Imagine your business without you. Scary thought, right? That’s why succession planning is an important part of any business continuity plan. Remember – failing to plan is planning to fail. So plan for your successor…and there’s a lot of things to take into account.
Heir to the Throne?
A lot of businesses pass down the line from the founder to the children. There’s a certain logic here – the children can be groomed from the beginning to run the business. That makes the training process easy but it also brings with it some challenges. The kids might not actually be interested in taking over. Or, handing the keys to your kids might be a really terrible idea, and the grandkids might be better, if it so happens that talent skips a generation. But there’s another risk to keeping it in the family: it’s tough to retain quality employees when they think they have no chance at the top job. Choose your successors wisely, and don’t think they have to be from the family.
Overstuff Your Pipeline
You can never have too much talent. If your MSP is of a decent size, and has a deep bench, then you’re a bit more insulated against any departures or defections of key people that might happen along the way. The reality is that people leave, and some of those people are the ones you pegged for bigger things. Have more than one potential successor, at least until you get down to the last year and can start grooming the next leader directly.
Your next CEO isn’t just going to magically appear; you’ll need to train your next CEO. In a big corporation, this is easy and just a natural part of doing business. But in a smaller company, you can forgo a formal leadership training program and use a combination of external training courses and direct mentorship. Whichever option works best for your situation, just make sure that you’re making the people on your team better. Because if all of a sudden you can’t work, and the whole place goes down the gurgler without you, that’s on you. If you can go on vacation for a couple of weeks and it’s no big deal, that’s when you know you’ve done your job as a leader in training future leaders.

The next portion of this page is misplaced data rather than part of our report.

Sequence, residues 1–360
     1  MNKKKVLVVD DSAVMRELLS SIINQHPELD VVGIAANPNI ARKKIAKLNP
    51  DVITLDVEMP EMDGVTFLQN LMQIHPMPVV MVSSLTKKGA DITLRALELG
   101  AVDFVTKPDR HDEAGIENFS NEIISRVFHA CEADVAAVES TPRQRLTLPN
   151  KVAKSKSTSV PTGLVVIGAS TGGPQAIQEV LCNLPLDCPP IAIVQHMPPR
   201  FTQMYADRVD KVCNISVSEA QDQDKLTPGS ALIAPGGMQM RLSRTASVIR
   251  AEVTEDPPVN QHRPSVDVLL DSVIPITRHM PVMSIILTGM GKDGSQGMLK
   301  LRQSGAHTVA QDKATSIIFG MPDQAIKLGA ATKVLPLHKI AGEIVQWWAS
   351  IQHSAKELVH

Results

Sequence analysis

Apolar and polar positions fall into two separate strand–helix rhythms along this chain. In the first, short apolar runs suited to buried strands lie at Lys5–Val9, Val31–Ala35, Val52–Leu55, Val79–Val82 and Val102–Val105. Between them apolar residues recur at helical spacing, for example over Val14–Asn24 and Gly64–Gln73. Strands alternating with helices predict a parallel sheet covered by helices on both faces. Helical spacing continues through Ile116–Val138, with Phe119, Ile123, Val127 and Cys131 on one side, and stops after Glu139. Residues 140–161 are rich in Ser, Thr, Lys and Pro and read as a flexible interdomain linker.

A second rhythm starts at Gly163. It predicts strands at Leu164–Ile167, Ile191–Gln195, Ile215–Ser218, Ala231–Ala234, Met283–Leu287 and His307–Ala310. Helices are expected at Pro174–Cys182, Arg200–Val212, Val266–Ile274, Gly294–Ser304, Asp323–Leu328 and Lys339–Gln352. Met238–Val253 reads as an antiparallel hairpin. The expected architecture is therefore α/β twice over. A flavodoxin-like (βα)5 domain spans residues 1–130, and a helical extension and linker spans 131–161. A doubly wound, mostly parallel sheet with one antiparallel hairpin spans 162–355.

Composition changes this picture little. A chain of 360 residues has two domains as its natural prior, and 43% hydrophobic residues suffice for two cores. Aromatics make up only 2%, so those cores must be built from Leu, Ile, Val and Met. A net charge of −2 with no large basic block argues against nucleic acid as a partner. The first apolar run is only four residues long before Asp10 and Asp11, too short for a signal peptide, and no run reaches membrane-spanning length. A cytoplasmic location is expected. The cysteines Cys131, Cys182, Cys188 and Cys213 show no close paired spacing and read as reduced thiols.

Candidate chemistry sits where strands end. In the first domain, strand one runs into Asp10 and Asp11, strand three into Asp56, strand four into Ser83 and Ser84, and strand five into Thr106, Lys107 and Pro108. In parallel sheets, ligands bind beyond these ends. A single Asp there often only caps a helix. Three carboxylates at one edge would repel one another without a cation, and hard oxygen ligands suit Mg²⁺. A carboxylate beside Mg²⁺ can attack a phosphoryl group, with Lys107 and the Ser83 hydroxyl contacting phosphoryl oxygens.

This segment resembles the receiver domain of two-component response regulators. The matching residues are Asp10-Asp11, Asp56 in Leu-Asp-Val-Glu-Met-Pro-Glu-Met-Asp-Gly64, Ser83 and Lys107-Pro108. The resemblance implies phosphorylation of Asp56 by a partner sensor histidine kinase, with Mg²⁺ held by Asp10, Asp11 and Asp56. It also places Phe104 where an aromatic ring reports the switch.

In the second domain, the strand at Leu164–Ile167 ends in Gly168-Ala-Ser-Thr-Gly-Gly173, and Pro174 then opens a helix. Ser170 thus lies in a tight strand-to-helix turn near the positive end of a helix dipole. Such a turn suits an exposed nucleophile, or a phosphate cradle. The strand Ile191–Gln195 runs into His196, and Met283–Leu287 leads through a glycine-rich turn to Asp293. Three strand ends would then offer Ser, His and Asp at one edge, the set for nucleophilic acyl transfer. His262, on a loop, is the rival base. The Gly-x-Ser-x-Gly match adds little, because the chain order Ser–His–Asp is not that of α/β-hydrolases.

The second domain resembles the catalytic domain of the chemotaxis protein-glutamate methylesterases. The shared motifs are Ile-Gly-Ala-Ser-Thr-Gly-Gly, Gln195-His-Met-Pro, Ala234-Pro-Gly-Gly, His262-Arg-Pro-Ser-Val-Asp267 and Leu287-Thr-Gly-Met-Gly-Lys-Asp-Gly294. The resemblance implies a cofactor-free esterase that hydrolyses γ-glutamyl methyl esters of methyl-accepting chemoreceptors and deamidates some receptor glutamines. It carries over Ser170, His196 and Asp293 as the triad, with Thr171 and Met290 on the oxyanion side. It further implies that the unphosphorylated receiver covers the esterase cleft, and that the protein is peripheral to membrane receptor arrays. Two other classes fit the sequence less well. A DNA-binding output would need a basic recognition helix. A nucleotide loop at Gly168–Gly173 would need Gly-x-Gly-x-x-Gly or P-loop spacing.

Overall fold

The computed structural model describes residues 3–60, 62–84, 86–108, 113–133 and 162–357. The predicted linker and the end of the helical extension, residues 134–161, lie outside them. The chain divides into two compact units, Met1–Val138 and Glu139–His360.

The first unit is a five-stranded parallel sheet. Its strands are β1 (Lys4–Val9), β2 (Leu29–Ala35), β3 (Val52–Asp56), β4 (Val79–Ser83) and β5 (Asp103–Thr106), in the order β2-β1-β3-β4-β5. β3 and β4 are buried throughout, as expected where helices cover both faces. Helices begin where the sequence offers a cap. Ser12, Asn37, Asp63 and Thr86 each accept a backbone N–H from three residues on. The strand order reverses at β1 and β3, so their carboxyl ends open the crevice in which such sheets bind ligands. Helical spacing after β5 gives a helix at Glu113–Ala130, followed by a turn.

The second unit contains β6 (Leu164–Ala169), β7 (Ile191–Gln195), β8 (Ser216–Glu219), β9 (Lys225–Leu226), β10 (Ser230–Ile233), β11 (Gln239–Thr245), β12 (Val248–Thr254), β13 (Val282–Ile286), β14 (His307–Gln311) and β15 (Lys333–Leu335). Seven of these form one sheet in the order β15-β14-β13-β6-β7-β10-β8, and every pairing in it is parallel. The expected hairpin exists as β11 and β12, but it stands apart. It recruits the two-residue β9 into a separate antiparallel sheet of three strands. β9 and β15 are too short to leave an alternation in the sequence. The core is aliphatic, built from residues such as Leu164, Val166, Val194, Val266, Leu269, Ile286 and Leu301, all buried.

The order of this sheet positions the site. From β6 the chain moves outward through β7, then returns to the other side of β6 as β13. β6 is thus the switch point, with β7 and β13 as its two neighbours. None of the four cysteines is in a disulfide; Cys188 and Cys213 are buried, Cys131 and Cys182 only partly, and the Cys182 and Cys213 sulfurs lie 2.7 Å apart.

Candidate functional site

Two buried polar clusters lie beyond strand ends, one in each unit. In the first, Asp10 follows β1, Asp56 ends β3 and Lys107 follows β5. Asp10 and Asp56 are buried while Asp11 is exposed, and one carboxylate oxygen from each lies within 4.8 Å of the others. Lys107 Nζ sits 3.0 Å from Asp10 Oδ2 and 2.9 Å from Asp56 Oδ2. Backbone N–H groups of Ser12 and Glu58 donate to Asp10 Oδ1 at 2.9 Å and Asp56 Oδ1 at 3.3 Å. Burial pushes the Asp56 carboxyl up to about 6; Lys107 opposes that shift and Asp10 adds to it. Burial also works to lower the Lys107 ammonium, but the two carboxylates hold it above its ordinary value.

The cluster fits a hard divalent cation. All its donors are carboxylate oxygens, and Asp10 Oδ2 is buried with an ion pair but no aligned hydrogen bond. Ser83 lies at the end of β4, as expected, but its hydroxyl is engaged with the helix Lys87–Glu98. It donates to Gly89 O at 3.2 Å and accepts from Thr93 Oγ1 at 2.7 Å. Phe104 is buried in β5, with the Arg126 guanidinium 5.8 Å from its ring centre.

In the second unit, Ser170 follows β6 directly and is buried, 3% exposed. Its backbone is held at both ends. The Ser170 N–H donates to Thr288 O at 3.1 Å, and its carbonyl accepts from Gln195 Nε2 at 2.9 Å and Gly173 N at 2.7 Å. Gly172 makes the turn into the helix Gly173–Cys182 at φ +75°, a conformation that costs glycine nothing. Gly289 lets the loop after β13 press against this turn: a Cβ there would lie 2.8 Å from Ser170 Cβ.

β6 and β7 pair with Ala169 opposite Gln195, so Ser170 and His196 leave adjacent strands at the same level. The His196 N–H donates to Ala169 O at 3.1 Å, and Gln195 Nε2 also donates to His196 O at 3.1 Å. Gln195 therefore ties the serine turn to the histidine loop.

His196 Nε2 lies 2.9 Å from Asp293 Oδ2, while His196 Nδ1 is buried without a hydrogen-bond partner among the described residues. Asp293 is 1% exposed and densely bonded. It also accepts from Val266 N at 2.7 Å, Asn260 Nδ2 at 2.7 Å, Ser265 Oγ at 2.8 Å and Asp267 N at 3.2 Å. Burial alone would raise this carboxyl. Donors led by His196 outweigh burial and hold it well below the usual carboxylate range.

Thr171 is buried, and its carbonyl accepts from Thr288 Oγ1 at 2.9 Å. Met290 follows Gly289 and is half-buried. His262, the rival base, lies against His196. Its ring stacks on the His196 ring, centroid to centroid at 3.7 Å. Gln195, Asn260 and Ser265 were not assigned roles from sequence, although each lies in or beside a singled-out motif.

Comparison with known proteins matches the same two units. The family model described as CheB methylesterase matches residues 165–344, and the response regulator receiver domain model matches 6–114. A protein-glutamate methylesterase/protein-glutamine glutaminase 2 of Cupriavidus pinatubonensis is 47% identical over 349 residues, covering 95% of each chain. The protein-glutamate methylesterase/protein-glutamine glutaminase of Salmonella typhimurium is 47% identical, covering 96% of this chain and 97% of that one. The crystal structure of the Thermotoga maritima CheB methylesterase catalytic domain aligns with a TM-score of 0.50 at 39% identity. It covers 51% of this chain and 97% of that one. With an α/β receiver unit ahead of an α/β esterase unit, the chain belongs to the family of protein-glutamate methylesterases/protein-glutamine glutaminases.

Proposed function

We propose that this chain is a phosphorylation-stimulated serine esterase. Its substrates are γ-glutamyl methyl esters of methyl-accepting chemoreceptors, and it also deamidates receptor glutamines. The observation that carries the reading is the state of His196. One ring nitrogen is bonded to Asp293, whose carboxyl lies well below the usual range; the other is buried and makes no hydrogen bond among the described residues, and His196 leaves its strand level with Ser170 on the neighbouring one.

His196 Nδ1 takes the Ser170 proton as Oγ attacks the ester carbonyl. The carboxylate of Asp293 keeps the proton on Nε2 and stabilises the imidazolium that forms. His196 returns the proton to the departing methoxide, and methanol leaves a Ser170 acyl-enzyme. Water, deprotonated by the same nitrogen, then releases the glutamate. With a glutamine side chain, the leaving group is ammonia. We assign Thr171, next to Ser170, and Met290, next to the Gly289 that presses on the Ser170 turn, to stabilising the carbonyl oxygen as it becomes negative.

If your business depends on you for its survival, there’s the obvious disaster scenario where something happens and you can’t work anymore. Great training, a leadership pipeline and documentation can help offset some of that risk. But the continuity aspect also takes into consideration the idea that one day you might want to retire. If you’re ten years out from retirement, or more, maybe this isn’t the biggest issue, but get into that last five years and you’ll at least want to start work on the succession plan. That’s also a good point to start thinking about how you’ve built your business into something you can sell – that equity is probably a big part of your retirement fund. Your succession plan might just be selling out and walking away, so take that into consideration as well.
Since I do happen to be in marketing, I’d be negligent if I failed to mention that having as much valuable information documented as possible will help smooth any leadership transition. Leave the new leader with as much of your knowledge as possible for best results, and something IT Glue better than anybody else. Give us a few minutes and we’ll show you how we can help.